The Forgiveness Project – Marina Cantacuzino

Rating: 5/5 Stars

The book opens with an introduction from the author Mariana Cantacuzino. In 2003, she collected stories in words and pictures from people who sought forgiveness and reconciliation instead of revenge. In 2004, she created ‘The F Word’ exhibition. In her introduction she talks about how no one should be forced to forgive or feel like they must; the point of the project is not to persuade people to forgive. Restorative justice focuses on the needs of the victims and offenders, as well as the involved community. This goes along with the idea behind sharing stories and talking to consider and reflect and decide whether you are ready to forgive. The introduction sets the tone for the rest of the book, the exploration of forgiveness and how different individuals interpret it and have dealt with it in their own lives.

This powerful collection of stories is from survivors and perpetrators from all over the world on how they have considered the concept of forgiveness. I appreciated the unique perspectives and how different people engage the concept of forgiveness. These individuals are coming from different backgrounds and different beliefs. Some decided to forgive right away, others took many years, and some are still working on becoming ready to forgive. Some are forgiving others and some are working on forgiving themselves. I thought the diverseness of opinions and ideas made this collection stronger.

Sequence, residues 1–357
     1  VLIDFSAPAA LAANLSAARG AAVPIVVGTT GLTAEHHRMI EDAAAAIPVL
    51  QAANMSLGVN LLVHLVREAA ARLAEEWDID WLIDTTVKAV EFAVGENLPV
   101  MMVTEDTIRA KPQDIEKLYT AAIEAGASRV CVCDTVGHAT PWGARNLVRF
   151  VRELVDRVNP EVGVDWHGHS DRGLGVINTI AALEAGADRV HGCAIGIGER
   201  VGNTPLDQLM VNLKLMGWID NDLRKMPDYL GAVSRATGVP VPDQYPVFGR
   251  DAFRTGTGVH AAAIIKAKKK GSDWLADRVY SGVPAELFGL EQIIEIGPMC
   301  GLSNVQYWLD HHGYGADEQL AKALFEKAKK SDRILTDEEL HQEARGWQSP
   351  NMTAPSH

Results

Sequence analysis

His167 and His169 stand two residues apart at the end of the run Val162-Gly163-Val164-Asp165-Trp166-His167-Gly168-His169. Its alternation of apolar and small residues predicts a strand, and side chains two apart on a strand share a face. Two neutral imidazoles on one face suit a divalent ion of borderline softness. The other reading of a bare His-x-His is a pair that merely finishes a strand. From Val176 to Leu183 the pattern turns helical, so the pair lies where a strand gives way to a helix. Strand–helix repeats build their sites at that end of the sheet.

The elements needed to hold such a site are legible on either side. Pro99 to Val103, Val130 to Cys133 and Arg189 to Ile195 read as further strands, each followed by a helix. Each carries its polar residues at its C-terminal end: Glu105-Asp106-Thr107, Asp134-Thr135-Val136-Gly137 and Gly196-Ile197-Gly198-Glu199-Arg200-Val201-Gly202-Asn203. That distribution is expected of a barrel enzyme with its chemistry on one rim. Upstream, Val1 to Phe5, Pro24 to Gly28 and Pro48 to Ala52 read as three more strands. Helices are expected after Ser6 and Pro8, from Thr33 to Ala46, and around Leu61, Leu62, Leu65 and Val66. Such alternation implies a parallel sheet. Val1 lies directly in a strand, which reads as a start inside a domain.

There were a couple ideas that really stuck with me and helped me realize some new thoughts about forgiveness. Magdeline Makola said, “You don’t have to trust someone just because they are forgiven.” Anne Marie Hagan said, “Forgiveness is not permission. It doesn’t mean that you agree with what the offender has done.” I think it is often assumed that once someone is forgiven we have to forget what they did and act like it didn’t happen. It’s reassuring the think that just because you forgive someone doesn’t mean you are saying what they did was okay and you don’t automatically trust them again.

I would most definitely recommend this book to anyone who has an interest in restorative justice, a peaceful response to violence, or anyone who wants to read inspirational stories and learn more about forgiveness. A collection of stories about violence and crime could have been horrific to read, however reading about the healing and forgiveness made it an uplifting read; the stories didn’t focus on the tragic events. This is a book that educated me, made me cry, and touched me deeply.

I received a copy of this book from the publisher through NetGalley in exchange for an honest review.

If you would like to learn more about The Forgiveness Project, read stories, get resources and more click here.


About A Geek At Heart

My name is Liz and I’m 22. I’m a college student from Massachusetts currently studying Public Health. I love traveling, reading, and photography. I also like elephants and maps. If you have a book you would like reviewed, feel free to contact me.
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